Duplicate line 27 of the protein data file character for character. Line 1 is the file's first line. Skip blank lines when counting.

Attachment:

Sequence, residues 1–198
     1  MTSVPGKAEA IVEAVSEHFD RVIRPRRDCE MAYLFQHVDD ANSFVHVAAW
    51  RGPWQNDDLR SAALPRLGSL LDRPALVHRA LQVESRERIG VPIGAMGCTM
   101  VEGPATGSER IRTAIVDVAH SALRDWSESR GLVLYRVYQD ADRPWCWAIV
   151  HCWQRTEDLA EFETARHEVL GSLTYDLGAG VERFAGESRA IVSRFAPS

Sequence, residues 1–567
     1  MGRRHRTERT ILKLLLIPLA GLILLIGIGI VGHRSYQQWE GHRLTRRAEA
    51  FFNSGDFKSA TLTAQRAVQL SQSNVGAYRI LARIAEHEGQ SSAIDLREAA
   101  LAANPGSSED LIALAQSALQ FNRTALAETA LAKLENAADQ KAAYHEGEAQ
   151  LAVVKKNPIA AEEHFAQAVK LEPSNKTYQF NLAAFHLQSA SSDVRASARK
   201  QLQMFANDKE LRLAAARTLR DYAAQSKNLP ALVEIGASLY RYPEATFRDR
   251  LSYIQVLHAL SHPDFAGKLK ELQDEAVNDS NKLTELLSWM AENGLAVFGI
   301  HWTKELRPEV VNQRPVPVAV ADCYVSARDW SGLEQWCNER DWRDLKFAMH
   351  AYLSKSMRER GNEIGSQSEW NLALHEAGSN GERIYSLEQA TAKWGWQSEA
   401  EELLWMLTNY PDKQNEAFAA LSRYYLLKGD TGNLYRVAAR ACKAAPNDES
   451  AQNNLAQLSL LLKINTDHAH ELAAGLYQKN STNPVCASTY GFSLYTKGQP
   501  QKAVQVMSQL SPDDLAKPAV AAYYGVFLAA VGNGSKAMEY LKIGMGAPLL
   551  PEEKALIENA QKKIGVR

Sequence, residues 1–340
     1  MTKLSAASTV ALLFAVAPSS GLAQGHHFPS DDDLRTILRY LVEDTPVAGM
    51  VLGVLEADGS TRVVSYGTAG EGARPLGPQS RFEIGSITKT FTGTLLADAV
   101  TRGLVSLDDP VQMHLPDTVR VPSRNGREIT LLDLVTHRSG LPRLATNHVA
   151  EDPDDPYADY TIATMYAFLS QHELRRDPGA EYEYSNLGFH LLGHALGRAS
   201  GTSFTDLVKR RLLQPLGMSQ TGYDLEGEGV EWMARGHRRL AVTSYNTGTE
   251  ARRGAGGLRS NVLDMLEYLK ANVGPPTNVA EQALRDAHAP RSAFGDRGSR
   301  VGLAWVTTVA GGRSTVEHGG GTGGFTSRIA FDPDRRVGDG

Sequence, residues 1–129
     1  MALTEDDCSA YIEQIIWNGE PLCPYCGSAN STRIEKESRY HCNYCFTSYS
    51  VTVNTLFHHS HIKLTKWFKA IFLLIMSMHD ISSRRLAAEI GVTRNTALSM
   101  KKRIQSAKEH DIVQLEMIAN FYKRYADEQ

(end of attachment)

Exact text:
Sequence, residues 1–129